FRIDAY, Dec. 14, 2018 (HealthDay News) -- The inverse association between fiber intake and the risk for incident symptomatic knee osteoarthritis may be partially mediated by body mass index, according to a study published in the December issue of The Journal of Nutrition.
Zhaoli Dai, Ph.D., from the Boston University School of Medicine, and colleagues used data from the Osteoarthritis Initiative (OAI) and the Framingham Offspring Osteoarthritis Study to assess how BMI and inflammation might impact the observed association between greater fiber intake and the lower risk for symptomatic knee osteoarthritis. Participants were followed for four years and 9.5 years, respectively, in the two studies. Incidence of symptomatic knee osteoarthritis was defined as new onset of a combination of knee pain and radiographic osteoarthritis.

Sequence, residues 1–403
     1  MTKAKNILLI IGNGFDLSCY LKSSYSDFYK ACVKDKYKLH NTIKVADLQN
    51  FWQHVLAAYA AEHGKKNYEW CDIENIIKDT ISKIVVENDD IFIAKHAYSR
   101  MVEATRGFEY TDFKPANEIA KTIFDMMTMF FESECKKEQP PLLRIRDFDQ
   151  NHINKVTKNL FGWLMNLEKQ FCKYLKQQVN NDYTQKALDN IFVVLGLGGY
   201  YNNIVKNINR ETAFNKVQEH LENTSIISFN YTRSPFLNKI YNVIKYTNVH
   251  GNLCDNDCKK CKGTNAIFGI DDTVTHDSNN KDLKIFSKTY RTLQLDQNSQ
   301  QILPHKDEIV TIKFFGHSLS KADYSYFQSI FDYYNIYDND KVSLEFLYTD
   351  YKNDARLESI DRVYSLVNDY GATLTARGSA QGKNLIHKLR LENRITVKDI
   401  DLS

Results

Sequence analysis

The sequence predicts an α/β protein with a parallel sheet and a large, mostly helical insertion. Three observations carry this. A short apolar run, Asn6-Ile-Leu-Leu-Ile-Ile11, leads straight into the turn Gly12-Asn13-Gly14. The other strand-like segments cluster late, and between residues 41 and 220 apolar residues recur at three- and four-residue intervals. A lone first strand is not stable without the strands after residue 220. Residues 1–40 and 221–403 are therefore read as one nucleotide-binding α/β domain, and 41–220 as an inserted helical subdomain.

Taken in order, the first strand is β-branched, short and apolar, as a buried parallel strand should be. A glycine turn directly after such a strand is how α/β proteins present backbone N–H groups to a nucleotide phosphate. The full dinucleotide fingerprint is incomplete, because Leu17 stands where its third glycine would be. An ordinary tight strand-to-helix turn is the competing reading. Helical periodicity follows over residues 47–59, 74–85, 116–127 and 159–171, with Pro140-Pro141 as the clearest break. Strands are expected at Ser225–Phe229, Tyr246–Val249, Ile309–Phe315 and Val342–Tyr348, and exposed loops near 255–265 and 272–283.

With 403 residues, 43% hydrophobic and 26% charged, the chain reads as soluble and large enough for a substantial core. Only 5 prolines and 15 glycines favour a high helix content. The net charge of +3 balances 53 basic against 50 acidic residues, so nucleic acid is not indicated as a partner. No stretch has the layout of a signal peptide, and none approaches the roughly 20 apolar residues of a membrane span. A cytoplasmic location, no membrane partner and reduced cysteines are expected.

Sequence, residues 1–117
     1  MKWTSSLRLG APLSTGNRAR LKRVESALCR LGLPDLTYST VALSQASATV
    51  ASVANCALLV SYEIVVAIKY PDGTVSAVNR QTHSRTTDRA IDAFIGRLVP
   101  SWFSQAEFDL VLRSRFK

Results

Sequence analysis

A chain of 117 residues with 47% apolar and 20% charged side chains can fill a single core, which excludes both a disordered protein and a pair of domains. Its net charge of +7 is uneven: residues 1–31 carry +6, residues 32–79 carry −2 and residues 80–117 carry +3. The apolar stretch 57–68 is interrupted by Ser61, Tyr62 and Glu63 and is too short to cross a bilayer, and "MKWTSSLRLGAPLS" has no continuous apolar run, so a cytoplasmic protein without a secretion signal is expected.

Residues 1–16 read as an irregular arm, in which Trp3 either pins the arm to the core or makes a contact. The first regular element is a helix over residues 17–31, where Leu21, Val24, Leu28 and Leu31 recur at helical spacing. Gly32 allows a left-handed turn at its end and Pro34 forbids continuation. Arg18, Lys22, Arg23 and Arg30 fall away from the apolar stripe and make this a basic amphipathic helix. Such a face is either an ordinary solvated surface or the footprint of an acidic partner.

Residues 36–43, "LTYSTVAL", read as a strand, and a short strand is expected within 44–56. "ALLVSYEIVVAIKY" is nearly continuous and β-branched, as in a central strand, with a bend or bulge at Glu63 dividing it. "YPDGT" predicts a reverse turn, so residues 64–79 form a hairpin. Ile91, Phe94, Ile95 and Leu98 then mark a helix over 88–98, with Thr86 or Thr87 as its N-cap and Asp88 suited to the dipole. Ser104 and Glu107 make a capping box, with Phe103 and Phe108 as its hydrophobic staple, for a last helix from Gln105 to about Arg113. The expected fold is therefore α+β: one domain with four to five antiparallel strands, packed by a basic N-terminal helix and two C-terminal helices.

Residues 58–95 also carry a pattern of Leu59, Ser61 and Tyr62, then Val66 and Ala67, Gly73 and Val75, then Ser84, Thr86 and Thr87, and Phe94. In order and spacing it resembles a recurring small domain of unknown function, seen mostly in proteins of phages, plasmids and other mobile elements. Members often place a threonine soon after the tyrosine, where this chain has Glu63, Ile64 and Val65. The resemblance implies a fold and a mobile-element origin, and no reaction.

The researchers found that symptomatic knee osteoarthritis developed in 861 knees among 2,876 individuals in the OAI study and in 143 knees among 971 individuals in the Framingham study. In OAI, for participants with higher fiber intake (≥21 g/day versus <21 g/day), the odds ratio for the overall association with symptomatic knee osteoarthritis was 0.7 and the odds ratio was 0.93 for the mediation via BMI. However, the association did not remain significant in the Framingham study (OR for overall association, 0.57 [95 percent confidence interval (CI), 0.3 to 1.09]; OR for mediation through BMI, 0.94 [95 percent CI, 0.85 to 1.02]; and OR for mediation through C-reactive protein, 0.99 [95 percent CI, 0.84 to 1.19]).
"Our findings suggest that the inverse association of fiber intake and the risk of incident symptomatic knee osteoarthritis is partially mediated by BMI," the authors write.